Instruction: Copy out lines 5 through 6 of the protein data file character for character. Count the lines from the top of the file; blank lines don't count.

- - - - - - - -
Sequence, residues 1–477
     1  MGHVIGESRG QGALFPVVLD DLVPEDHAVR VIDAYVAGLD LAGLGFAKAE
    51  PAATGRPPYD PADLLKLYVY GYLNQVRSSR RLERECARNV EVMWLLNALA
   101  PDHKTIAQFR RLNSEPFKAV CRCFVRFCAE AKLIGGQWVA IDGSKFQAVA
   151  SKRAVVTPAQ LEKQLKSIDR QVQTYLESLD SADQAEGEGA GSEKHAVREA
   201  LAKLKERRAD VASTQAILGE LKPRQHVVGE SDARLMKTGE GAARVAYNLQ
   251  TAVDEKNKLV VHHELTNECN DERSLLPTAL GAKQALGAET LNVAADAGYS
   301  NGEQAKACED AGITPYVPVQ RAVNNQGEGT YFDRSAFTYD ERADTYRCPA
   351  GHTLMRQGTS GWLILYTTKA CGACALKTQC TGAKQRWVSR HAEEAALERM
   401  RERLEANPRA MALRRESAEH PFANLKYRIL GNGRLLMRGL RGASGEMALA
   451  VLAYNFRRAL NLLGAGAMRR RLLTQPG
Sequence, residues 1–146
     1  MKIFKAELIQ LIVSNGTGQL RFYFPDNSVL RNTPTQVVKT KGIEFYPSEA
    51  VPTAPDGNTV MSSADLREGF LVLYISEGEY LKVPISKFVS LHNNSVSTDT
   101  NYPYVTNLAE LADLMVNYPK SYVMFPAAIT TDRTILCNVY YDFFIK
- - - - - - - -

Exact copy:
   151  SKRAVVTPAQ LEKQLKSIDR QVQTYLESLD SADQAEGEGA GSEKHAVREA
   201  LAKLKERRAD VASTQAILGE LKPRQHVVGE SDARLMKTGE GAARVAYNLQ